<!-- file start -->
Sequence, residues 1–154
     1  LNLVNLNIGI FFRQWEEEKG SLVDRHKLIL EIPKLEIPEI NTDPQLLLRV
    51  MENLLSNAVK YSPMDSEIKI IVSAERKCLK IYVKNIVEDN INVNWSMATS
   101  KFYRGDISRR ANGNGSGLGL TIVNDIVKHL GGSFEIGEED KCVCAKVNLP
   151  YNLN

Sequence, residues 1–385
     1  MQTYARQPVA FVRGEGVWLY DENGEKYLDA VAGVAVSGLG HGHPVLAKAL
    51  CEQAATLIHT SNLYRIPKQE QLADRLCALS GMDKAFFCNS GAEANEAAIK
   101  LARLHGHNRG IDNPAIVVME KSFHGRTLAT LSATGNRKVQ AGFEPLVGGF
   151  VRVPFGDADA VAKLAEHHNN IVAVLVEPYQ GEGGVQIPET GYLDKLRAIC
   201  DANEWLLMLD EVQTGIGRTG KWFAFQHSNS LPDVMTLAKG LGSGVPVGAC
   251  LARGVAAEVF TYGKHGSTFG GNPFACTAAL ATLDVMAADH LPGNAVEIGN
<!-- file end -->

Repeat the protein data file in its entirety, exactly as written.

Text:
Sequence, residues 1–154
     1  LNLVNLNIGI FFRQWEEEKG SLVDRHKLIL EIPKLEIPEI NTDPQLLLRV
    51  MENLLSNAVK YSPMDSEIKI IVSAERKCLK IYVKNIVEDN INVNWSMATS
   101  KFYRGDISRR ANGNGSGLGL TIVNDIVKHL GGSFEIGEED KCVCAKVNLP
   151  YNLN

Sequence, residues 1–385
     1  MQTYARQPVA FVRGEGVWLY DENGEKYLDA VAGVAVSGLG HGHPVLAKAL
    51  CEQAATLIHT SNLYRIPKQE QLADRLCALS GMDKAFFCNS GAEANEAAIK
   101  LARLHGHNRG IDNPAIVVME KSFHGRTLAT LSATGNRKVQ AGFEPLVGGF
   151  VRVPFGDADA VAKLAEHHNN IVAVLVEPYQ GEGGVQIPET GYLDKLRAIC
   201  DANEWLLMLD EVQTGIGRTG KWFAFQHSNS LPDVMTLAKG LGSGVPVGAC
   251  LARGVAAEVF TYGKHGSTFG GNPFACTAAL ATLDVMAADH LPGNAVEIGN